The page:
The slides for many of the talks from the 2017 Open-Source Summit NA can be found via the schedule page if hovering over a track.

    I've already covered some of the interesting ones like the Clear Linux GCC/GLIBC optimization approach while there were also just two Linux graphics talks of interest this year.

  • Experimental Nouveau Reclocking Patches Updated, Including For Maxwell GPUs

    Karol Herbst has sent out 29 updated patches on Friday for a major rework to the Nouveau clock related code for re-clocking and related functionality. This includes a "hacky workaround" for getting re-clocking to function on GeForce GTX 900 "Maxwell 2" GPUs.

    The 29 patches by this independent Nouveau contributor work on restoring clocks after a system suspend, fixed reclocking when entering suspend, initial support for thermal throttling and to trigger reclocking on temperature changes, the "hacky workaround" for Maxwell2 reclocking, a new debugfs file for changing the boost mode, and other related work.

  • [Old] The beginning of the end of the RadeonHD driver

    Soon it will be a decade since we started the RadeonHD driver, where we pushed ATI to a point of no return, got a proper C coded graphics driver and freely accessible documentation out. We all know just what happened to this in the end, and i will make a rather complete write-up spanning multiple blog entries over the following months. But while i was digging out backed up home directories for information, i came across this...

OSS: Jobs, Documentation, Being a FOSS Maintainer, and LinuxChix Meetup

Filed under
OSS
  • How To Get An Open Source/Linux Job? — 9 Things To Keep In Mind

    Open source is becoming the new norm in the technology industry. All the major technology companies are busy using open source technologies and sharing their code on GitHub to help the developers use their quality code. This has resulted in a mutual benefit.

    Open source technologies like Android, Docker, Linux, etc., have dominated different markets and helped in creating more opportunities for the open source professionals. Highlighting the same, The Linux Foundation, in partnership with the careers website Dice, has released the results of the latest Open Source Jobs Survey and Report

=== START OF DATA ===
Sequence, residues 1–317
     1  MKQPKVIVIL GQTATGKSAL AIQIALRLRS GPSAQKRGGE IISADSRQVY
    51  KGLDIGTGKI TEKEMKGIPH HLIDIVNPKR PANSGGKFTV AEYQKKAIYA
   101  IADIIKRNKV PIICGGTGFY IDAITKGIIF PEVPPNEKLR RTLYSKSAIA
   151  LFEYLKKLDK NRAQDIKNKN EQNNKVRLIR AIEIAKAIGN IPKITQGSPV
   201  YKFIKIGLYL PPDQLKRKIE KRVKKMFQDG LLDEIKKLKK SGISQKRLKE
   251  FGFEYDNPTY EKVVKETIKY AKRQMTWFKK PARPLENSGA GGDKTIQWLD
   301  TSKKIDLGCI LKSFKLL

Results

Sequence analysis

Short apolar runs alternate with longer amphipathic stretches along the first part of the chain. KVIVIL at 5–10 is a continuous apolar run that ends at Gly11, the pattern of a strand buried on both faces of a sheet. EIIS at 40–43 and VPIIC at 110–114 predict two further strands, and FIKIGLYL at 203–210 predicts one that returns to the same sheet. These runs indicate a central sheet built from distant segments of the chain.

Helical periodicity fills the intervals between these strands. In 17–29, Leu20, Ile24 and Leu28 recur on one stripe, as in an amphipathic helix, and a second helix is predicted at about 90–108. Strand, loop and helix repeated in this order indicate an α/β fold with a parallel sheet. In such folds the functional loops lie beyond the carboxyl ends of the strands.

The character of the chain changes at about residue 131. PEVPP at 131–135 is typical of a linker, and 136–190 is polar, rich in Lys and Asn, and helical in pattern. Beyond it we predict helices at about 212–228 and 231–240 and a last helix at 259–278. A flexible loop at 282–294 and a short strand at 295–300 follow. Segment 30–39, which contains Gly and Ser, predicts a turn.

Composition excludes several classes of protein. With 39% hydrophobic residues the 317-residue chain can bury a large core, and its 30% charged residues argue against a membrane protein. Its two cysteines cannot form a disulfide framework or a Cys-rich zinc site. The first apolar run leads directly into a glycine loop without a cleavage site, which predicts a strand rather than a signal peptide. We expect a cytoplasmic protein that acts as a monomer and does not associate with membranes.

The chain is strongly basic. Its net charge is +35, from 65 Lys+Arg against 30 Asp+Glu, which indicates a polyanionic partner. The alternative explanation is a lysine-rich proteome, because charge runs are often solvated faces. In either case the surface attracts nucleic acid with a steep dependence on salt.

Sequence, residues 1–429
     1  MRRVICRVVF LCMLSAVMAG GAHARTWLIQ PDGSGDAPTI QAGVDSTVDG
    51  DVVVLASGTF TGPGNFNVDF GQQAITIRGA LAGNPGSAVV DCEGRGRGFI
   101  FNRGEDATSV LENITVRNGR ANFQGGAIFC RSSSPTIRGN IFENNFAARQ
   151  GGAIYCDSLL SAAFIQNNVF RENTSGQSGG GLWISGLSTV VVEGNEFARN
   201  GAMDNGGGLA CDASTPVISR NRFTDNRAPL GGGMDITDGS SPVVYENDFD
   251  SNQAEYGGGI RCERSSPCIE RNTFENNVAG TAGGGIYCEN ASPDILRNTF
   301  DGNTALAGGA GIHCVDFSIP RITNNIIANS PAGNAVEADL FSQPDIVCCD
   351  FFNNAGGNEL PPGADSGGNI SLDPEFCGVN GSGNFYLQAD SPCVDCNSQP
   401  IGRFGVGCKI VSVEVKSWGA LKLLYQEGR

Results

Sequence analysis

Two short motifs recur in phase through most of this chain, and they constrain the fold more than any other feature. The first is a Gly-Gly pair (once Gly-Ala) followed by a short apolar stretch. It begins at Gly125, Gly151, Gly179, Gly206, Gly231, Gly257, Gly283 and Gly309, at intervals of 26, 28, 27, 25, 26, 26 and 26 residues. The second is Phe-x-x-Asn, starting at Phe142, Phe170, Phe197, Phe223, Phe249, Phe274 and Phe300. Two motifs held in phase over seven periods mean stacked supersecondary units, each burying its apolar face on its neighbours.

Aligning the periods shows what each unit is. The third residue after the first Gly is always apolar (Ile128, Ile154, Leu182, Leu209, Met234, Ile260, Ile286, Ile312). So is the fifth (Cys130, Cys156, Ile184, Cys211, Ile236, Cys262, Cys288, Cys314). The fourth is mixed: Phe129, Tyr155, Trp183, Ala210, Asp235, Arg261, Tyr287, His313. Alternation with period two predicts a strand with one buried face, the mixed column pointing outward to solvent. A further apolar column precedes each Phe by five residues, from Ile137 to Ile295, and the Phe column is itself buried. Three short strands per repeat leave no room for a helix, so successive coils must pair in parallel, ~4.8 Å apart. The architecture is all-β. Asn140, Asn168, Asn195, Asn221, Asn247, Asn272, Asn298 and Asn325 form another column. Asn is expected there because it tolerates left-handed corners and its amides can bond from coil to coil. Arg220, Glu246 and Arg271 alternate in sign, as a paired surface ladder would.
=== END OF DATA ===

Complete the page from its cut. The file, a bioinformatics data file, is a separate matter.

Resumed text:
• Documentation needs usability, too
  • The Realities of Being a FOSS Maintainer
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  • LinuxChix Meet up experience!

    Today I got an opportunity to celebrate Linux's 26th anniversary (17th September 1991) with the LinuxChix India team (http://india.linuxchix.org/).

GNOME and KDE: Dash to Dock, GNOME Shell, Librem 5, Krita and Randa

Filed under
KDE
GNOME
  • Dash to Dock v61 Released with Unity-Style Launcher Backlights

    An updated version of Dash to Dock — the hugely popular desktop dock for GNOME Shell — is available to install.

    Dash to Dock v61 adds official support for the recent GNOME 3.26 release, an addition that will be of particular note to those of you running Ubuntu 17.10.

  • Replacement Telegram Tray Icons for GNOME Shell

    This posts shows you how to replace the colorful Telegram tray icon on Linux with a GNOME Shell colored white set. It's a simple tweak that anyone can do.

  • Librem 5 Crosses $400k In Funding After Plasma Mobile Announcement

    Since announcing earlier this week that KDE is working on Plasma Mobile support for the Librem 5, Purism has managed to raise over $100k more towards their goal of building a free software GNU/Linux smartphone, but remain around 1.1 million dollars short of their goal.